Inkheart by Cornelia Funke (for German Lit Month 2018)

The magic comes out of the books themselves, and I have no more idea than you or any of your men how it works. (p. 170)

“Magic comes out of the books themselves…” and I have always known this to be true. Cornelia Funke gives us a world of magic, a world of books, suitable for adults as well as the children for whom it is written. Any good children’s book is worthy of an adult as well.

What is the best part of this story? Is it the way that each chapter begins with an enticing quote from another book, helping us to predict what that chapter may hold (or luring us to reread the book from which it came)?

Is it the way that she has captured the bibliophile’s love of literature, with homes which are stacked with books in the hallways, stairs, and on every available surface?

Or, perhaps it is the adventure story itself, with such captivating characters as Silvertongue, who is able to read people out of, and into, books; perhaps it is Meggie, who longs for the return of her father who has been captured by Capricorn.

I know that for me, this fantasy novel has far more impact than any Harry Potter book. It’s surrealism hovers on the brink of reality for how well it brings the meaning of literature to life.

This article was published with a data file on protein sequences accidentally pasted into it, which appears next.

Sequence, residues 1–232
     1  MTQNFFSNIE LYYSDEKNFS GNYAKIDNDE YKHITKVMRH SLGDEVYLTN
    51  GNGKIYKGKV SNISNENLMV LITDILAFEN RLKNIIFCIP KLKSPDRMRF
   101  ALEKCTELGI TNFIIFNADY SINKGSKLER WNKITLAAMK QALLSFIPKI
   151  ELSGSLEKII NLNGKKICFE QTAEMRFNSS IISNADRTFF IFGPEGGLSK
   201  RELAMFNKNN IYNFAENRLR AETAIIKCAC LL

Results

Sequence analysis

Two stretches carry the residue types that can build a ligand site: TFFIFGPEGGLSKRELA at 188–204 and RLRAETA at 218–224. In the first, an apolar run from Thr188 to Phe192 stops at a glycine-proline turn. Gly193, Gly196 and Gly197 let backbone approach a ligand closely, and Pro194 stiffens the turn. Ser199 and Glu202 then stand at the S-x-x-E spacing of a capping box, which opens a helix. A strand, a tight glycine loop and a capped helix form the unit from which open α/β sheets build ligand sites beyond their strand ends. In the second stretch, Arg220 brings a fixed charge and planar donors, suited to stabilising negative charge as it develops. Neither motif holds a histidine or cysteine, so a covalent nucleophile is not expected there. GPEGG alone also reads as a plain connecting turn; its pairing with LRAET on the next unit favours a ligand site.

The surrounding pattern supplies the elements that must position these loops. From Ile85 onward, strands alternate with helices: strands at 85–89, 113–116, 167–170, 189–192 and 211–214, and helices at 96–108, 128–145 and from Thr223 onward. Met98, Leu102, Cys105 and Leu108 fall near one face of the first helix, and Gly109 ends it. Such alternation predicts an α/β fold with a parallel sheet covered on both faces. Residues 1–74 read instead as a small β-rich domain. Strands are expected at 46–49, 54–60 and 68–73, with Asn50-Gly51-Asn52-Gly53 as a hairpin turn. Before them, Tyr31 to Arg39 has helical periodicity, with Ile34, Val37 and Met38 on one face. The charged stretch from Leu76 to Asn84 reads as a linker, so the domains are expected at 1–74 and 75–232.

The Dark is Rising by Susan Cooper, a Midwinter Read-along Which I’m Eagerly Joining

It was purely by chance I discovered an invitation, put forth by Julia Bird, on Twitter this evening.

Apparently there is an organized reading of Susan Cooper’s The Dark Is Rising, a children’s book published in 1973 which I have long seen on school library shelves but never read myself.

The read-along begins on Midwinter Eve (December 20) and runs through the Twelfth Night (January 5) with discussion happening on Twitter using the hashtag: #TheDarkisReading.

Perhaps you will join in, as well. It sounds too delectable to pass.

Flora and Ulysses by Kate DiCamillo

Holy unanticipated occurrences!

Kate has done it again. I thought I loved Because of Winn Dixie. I thought I loved The Tale of Despereaux, and The Magician’s Elephant. But, Flora and Ulysses is taking my breath, and we’re only on page 66.

For one thing, Flora is a self-proclaimed cynic. Who uses a word such as “cynic” in a children’s book? Only the most expert of writers such as E. B. White and Kate DiCamillo.

“What does cynic mean?” my class asked, and we had a long discussion about how a cynic is a person who believes that others are motivated more by selfish reasons than honorable ones.

But, it wasn’t as long a discussion as the one we had about “treacherous”.
“Do you mind, Flora Belle?” he said. “Would it trouble you terribly if I put my hand on your shoulder and allowed you to guide me back to Great-Aunt Tootie’s house? The world is a treacherous place when you can’t see.”